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‘Who Do We Say We Are’: In voices of time and timelessness

| Tuesday, February 8, 2022

Emma Kirner | The Observer

Guided by the name of the exhibition, “Who Do We Say We Are?,” the Snite Museum of Art displays the juxtaposing answers from the past century of Irish art. As curator Cheryl Snay pointed out in her opening speech, it is not a hyphen that connects 1922 and 2022, but rather, a vertical slash that implicates this juxtaposition. While she spoke, William’s “Hibernia” (1916) and O’Donoghue’s “Revolution Cottage” (2015) hung on either side of the podium. As witnesses to this centennial exhibition, their palettes referencing the Irish national flag corresponds with the exhibition’s core theme — probing into the Irish artistic journey over the last 100 years.

In most cases, a query waits for an answer — but not at this event. By emphasizing the word “we” in the question, this exhibition addresses viewers as a single entity invited to participate in witnessing this journey that began in Paris in 1922 with “The Exposition D’Art Irlandais.” With the beseeching of an answer, the process of this dynamic but gradually solidified national identity is depicted along with the blossom of Irish art — in its direct visual representation, in voices of time and timelessness.

Maybe because of the complementary color rule, the shades of orange in “Hibernia” and “Revolution Cottage” glow brightly against the navy walls. Shades echo with one another. Orange pastel strokes dance with the radical and expressive brush on the cottage’s rooftop, delicately highlighting the texture quality of Hibernia’s hair and outfit. Their names are also intertwined: The classical Latin name can be traced through to the modern semiotic-like title. The exhibition’s most powerful voice comes from the juxtaposition of these two classic visual expressions of Irish national identity. In the colors of their national flag, they highlight the finest of the Irish people’s ongoing examinations and recontextualizations of their identity through self-determination and being revolutionary in their circumstances.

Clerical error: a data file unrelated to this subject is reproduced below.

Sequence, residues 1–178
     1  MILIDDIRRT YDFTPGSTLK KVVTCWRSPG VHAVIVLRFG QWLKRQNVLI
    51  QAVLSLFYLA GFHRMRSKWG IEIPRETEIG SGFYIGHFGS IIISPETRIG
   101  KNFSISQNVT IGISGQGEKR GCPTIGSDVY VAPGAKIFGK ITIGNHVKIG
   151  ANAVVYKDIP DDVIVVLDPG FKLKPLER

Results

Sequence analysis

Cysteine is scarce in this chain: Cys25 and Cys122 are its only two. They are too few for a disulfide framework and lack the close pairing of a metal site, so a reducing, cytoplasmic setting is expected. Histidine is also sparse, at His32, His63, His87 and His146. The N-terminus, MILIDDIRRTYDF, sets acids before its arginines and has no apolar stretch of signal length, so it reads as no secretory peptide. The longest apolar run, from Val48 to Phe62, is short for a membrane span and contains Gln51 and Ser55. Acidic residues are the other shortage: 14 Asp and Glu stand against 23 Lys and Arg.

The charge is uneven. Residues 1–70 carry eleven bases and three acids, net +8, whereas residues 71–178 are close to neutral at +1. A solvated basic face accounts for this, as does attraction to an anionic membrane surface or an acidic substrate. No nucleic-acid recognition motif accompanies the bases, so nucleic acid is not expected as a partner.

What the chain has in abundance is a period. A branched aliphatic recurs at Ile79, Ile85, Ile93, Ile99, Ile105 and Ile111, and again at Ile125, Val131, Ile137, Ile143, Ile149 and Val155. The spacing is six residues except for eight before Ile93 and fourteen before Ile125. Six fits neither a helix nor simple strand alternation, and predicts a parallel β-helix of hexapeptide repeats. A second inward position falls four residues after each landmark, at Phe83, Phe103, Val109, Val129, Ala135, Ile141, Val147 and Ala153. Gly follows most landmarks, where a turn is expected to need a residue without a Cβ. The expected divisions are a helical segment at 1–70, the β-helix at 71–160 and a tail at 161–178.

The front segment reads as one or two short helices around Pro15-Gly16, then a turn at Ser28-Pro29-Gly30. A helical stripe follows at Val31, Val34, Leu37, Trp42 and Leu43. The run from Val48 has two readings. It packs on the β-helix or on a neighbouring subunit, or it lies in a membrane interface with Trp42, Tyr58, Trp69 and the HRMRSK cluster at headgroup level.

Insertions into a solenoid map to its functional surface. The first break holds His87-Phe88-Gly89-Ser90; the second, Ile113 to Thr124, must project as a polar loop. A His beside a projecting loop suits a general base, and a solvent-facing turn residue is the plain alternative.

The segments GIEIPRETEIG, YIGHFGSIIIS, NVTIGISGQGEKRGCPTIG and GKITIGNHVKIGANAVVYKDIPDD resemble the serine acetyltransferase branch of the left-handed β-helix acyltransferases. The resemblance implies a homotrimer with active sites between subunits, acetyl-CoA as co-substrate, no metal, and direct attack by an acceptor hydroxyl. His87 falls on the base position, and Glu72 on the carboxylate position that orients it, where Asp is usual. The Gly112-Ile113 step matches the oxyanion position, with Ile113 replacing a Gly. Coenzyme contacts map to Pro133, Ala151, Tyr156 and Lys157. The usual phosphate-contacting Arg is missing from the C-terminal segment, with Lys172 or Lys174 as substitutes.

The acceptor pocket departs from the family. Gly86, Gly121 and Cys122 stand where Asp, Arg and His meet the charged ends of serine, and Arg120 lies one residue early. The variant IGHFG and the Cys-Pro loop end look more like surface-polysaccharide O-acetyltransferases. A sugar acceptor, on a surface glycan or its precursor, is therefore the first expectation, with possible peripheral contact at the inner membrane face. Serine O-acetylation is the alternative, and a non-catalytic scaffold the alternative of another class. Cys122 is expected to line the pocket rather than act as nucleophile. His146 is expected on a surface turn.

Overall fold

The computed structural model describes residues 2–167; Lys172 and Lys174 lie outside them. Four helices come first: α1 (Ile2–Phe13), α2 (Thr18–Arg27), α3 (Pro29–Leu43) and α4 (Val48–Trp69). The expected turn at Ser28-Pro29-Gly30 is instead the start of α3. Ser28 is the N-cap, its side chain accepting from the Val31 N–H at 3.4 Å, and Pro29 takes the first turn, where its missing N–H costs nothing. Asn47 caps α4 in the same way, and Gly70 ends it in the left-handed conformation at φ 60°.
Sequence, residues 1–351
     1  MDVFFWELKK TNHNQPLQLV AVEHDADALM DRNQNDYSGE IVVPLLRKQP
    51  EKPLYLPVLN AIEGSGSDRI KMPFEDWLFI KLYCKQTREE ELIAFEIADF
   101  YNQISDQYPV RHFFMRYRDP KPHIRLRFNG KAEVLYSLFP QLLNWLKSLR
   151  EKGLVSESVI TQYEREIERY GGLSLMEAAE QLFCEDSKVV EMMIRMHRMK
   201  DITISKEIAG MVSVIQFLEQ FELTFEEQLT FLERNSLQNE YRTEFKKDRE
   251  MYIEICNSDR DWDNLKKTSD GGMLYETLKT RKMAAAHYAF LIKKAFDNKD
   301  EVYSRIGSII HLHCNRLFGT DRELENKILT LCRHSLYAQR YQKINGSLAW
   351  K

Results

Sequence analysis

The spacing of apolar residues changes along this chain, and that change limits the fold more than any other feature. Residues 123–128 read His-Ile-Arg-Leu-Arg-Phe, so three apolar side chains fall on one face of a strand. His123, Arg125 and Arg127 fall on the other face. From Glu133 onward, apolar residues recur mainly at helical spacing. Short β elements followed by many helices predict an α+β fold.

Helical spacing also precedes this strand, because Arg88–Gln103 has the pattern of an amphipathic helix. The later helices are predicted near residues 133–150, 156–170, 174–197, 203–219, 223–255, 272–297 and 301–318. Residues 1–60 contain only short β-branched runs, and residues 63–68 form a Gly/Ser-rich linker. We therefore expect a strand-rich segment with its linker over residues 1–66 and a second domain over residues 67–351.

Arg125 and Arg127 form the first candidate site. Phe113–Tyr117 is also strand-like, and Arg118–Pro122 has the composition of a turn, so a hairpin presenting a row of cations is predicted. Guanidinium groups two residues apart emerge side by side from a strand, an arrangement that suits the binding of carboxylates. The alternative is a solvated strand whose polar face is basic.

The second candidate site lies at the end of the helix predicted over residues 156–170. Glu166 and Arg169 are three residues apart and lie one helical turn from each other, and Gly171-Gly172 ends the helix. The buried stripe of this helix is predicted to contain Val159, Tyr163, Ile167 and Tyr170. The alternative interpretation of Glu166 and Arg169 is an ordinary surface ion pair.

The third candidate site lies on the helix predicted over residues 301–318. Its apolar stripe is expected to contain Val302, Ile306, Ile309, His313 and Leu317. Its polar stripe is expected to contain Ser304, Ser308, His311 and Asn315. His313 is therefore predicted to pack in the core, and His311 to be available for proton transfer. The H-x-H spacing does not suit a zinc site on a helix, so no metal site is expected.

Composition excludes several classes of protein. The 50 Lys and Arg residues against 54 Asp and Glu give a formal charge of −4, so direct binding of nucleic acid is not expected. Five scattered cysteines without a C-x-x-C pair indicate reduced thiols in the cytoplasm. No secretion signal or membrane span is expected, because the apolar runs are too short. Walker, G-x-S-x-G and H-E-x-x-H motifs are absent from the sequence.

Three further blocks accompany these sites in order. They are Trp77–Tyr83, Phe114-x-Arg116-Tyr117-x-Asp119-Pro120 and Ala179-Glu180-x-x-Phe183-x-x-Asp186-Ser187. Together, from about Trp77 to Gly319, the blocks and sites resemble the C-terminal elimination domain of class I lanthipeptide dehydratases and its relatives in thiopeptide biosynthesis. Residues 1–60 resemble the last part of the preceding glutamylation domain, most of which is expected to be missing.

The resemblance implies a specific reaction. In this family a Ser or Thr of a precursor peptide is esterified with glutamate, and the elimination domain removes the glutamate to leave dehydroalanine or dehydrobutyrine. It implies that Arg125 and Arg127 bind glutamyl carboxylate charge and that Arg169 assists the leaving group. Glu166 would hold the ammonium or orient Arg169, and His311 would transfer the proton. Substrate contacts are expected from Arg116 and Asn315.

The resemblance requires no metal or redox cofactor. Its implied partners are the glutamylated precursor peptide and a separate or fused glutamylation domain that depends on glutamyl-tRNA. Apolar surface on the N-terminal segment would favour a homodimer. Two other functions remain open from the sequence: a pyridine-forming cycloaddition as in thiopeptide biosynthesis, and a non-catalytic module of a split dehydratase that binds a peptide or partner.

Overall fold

The O’Shaughnessy East Galleries are divided into three galleries in this specific exhibition. The white title and the exhibition description stand out against the navy wall that comes across the first two galleries. Viewers may witness the clarity of Irish art emerging from the blur as they walk through it in Shannon Dunne’s concertina Irish music. They can also peek into the gradual build-up of identities in blurriness, similar to Jack B. Yeats’ expressive brushstroke and thick impasto. The man’s face fades into the air and the multiple tracings of the horse’s contour lines add to the emotional intensity. The same profound affection for natural scenery is also shown in the other Yeats’ painting, “In Tir na nÓg” (1936). The merge between human and the natural world elevates their physical existences to metaphysical realms. The dynamic strokes grant the same agency to the natural world as to humans, suggesting their inseparable relationship.

The connection that Irish artists have to their homeland is evident in their work. Amelia Stein’s images in the third gallery embrace this idea in extraordinary clarity, breaking apart from the cohesive ambiguity suggested by Yeats’ paintings. Through Stein’s lens, viewers can observe her world in the northwest County Mayo. The eternity of the landscape is recaptured and reframed in such clarity that they truly turned eternal. Unlike the lively brushstrokes of painters, Stein’s subjects witness the changing history of Ireland in solitudes — transporting viewers back to the most ancient Irish mythologies. In “The Precipice of the Fox (Fothair a’tSionnaigh)” (2017), the sun shedding on the aesthetically appealing elements of the precipice to create the details again demonstrates the significance of land in Irish art.

At the end of the opening reception, empathetic to Elizabeth O’Farrell’s pain and resilience, Julie Morrissy, Poet-in-Residence at the National Library of Ireland, performed her poem. This reading not only serves as a prelude to her upcoming poetry reading on Feb. 25, but also as a physical manifestation of her power in response to the topic posed.

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